The signs of autumn are all around

By Dennis Chastain
Special to The Courier

I am going to confess right up front that I absolutely love the fall of the year. The only way I can make it through the long hot summer is the promise that eventually the air will cool, the leaves will start showing some signs of color, apples and scuppernongs will show up for sale at the Pickens Flea Market, and men in camouflage will be seen leaning on the hood of a truck planning out their deer or bear season.

My calendar says that Sept. 22 is the autumnal equinox, the official changing of the seasons, but I don’t trust my calendar anymore. The seasons are so screwed up these days that I don’t believe that we have actually turned the corner until I start seeing the signs of nature pointing in that direction.

whole1Just in the last two weeks I have seen the first monarch butterflies. The cloudless sulphur butterflies have been drifting through this area for a month. The poplars, black gums and sourwoods are all showing their initial blushes of red and gold. And the squirrels are starting to cut pine cones for their tiny but tasty seeds. These are all perennial, never fail, signs of good things to come.

To the hunter, the beginning of autumn is the most exciting time of the year. The bucks are out there rubbing the soft velvet from their antlers and will soon be getting rutty. White oak acorns are starting to drop, and bears and wild hogs are scarfing them up like a vacuum cleaner gone wild. Doves can be seen descending on grain fields in great numbers. The prospect and promise of the upcoming hunting seasons, each in its own time, is just around the corner. Now is the time to plan and prepare and to dream big. All things are possible in September.

Fishermen know that the cooler overnight temps help bring lunker largemouths, schools of eager crappies and the Lake Jocassee trout up from the depths. It will not be long before the hoards of jet skis and party boats will wane and the bass boats with rod tips waving in the breeze will once again reign supreme on the upcountry’s lakes and reservoirs.

But it is not only hunters and fishermen who celebrate the changing of the season. Hikers know that the lower humidity and cooler autumnal temperatures put a spring in your step. You can now go farther and faster without ending up exhausted, soaked in sweat, and dreading the walk back to the car. Mosquitoes and no-see-ums become less of a problem, and it actually makes sense to have a warming campfire at night.

Check out an article I wrote on the benefits of walking in the woods in the January/February 2016 issue of South Carolina Wildlife magazine. This link should get you there: Or you can simply Google “Dennis Chastain SC Wildlife walking in the woods.”

Cyclists know that they can also extend their range for the next several months. It now seems perfectly reasonable to ride 40 or 50 miles in a day. And the scenery along the way changes on an almost daily basis.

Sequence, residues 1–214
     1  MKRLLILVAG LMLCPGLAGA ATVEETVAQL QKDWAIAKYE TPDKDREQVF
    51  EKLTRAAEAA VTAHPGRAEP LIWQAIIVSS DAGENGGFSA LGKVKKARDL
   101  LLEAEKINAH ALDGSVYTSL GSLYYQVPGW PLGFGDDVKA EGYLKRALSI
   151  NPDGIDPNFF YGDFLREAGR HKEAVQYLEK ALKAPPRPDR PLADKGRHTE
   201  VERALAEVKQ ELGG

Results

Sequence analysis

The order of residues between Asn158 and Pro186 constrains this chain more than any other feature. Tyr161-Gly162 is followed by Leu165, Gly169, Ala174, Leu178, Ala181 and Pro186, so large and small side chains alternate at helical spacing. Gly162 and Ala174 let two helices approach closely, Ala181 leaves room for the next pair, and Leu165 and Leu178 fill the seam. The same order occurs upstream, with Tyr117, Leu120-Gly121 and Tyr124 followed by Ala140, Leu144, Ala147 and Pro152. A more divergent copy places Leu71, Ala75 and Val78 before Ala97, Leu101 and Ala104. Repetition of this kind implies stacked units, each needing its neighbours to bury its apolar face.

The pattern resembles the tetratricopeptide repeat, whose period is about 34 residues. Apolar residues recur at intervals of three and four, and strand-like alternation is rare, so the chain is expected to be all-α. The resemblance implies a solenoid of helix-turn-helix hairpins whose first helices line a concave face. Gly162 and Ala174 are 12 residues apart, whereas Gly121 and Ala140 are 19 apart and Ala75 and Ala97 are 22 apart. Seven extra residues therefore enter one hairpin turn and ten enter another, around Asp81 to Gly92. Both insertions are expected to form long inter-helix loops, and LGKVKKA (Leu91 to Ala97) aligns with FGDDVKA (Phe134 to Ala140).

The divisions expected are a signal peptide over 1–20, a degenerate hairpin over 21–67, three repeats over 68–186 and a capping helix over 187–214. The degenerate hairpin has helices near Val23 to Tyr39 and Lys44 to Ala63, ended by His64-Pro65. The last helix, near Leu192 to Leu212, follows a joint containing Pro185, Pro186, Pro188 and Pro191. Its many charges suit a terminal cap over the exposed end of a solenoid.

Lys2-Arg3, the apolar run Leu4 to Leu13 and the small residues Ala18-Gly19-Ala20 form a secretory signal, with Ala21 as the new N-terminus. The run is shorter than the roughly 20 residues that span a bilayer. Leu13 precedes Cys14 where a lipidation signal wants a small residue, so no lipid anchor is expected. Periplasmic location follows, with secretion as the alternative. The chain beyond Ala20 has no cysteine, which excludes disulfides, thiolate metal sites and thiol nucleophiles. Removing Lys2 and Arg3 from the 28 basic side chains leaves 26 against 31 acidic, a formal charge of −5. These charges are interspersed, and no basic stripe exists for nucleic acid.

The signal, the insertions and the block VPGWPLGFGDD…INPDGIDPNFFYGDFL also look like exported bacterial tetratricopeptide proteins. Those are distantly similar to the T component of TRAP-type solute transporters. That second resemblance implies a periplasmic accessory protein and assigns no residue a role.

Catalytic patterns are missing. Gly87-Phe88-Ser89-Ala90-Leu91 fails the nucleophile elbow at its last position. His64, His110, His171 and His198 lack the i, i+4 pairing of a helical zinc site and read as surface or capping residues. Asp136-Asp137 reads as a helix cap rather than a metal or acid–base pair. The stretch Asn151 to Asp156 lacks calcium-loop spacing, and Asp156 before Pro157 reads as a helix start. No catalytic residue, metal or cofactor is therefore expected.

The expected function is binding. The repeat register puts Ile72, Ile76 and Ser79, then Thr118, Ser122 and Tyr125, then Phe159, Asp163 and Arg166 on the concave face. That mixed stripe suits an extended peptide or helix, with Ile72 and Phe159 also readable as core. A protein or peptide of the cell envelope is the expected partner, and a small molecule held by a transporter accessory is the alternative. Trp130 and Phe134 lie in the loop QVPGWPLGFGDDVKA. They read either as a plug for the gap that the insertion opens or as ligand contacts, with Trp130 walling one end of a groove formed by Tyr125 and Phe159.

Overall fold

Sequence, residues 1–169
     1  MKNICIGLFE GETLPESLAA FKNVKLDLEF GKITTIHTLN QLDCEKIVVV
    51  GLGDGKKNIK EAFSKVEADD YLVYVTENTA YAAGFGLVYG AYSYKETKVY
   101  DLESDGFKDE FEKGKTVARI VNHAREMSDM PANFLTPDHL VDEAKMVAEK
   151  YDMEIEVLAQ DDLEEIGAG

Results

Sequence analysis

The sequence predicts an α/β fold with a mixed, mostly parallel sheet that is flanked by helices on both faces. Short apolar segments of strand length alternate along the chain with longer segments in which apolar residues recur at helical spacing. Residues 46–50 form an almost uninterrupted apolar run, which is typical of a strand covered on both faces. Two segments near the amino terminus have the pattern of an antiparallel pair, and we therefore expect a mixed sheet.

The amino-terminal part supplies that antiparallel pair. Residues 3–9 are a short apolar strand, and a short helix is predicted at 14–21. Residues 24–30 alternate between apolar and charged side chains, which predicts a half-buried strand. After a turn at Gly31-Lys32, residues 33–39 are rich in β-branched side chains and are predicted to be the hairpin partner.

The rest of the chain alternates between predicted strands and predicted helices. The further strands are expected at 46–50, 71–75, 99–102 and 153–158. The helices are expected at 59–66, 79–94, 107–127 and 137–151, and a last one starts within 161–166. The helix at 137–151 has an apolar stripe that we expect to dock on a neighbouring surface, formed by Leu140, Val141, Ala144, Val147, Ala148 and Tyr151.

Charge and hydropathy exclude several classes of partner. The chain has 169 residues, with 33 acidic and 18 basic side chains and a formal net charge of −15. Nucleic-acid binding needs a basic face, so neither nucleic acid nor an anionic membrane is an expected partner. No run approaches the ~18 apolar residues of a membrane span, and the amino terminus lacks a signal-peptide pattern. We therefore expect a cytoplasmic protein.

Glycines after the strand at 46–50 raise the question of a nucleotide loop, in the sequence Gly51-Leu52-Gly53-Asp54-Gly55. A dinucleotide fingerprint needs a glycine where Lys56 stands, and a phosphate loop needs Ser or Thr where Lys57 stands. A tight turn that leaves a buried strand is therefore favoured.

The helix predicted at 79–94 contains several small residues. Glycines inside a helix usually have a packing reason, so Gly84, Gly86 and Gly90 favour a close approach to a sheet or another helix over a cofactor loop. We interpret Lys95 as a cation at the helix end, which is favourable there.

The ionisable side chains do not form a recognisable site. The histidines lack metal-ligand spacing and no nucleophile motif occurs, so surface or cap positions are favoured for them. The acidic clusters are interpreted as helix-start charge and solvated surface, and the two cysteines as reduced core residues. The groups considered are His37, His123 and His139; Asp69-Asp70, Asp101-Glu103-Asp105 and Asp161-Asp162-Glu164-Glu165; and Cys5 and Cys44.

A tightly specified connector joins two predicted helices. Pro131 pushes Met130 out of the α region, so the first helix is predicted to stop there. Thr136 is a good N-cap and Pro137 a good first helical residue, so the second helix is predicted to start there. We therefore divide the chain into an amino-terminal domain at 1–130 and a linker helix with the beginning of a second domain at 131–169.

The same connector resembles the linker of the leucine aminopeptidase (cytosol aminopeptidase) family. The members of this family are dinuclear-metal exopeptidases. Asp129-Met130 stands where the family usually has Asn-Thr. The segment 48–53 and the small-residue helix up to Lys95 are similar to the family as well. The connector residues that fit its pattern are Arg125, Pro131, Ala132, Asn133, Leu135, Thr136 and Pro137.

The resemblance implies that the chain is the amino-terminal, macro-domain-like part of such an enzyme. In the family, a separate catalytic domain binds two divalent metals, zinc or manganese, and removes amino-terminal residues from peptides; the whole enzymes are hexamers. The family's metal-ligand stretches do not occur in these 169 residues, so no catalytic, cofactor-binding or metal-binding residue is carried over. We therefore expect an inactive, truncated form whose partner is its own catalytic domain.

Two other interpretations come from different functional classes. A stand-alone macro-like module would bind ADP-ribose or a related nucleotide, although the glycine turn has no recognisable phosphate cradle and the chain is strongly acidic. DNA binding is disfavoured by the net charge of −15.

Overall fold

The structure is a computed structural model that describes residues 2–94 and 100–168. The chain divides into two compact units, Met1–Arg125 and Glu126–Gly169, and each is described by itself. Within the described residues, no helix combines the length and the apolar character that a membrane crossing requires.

Wildflower enthusiasts are chomping at the bit to get out there and enjoy their fall favorites blooming in their full glory. Asters and Black-eyed Susans will soon dominate the landscape. The Virgin’s bower, Joe-Pye weed, Crown beard, New York ironweed and a number of richly hued morning glories are already flowering all over the place.

Birders are watching for the first signs of the songbirds and other wild fowl gathering up in flocks as they prepare for their annual migrations. Armed with high-powered binoculars and long-range camera lenses, a growing number of “hawk watchers” are anxiously awaiting the impressive kettles of hawks and other raptors that put on quite a show as they drift past the highest peaks of our southern mountains. I predict that Sassafras will soon surpass Caesar’s Head as a popular place to observe this annual avian wonder of nature. Get ready. It’s coming.

And even if you don’t fit into any of the above categories of outdoor enthusiasts, there is something in the great outdoors for you. Trust me — for a number of reasons, it is to your advantage to find a way to get out of the house and enjoy the timeless beauty, the awe-inspiring grandeur, and the peace and tranquility of the natural world.

The city of Pickens is evolving into more and more of an outdoor-oriented town. A few blocks from Main Street you can stroll along the very pleasant hiking trails at Jaycee Park. Or you can dust off that old balloon-tired bicycle in the garage and take a ride along the increasingly popular Doodle Trail. Or you could just amble down some of the oak-shrouded streets in the older neighborhoods of our historic village, and maybe stop to talk with someone you have not seen in a long while.

Still not convinced to get off the sofa and get out into the great outdoors? Stop by our new local outdoors outfitter store on West Main Street to scan the shelves and talk to the good folks inside. Who knows, you might find that there is some kind of new outdoor adventure in your future; maybe something like kayaking, paddle boarding, bird watching, jogging or hiking and camping. Above and beyond everything else, take a few minutes, or an hour or two, to celebrate the changing of the seasons. The transition from summer to fall only comes once a year.

Dennis Chastain is an award-winning outdoor writer,
interpretive naturalist and modern-day explorer.
He has been writing feature articles for South Carolina
Wildlife magazine and other outdoor publications for more than 20 years.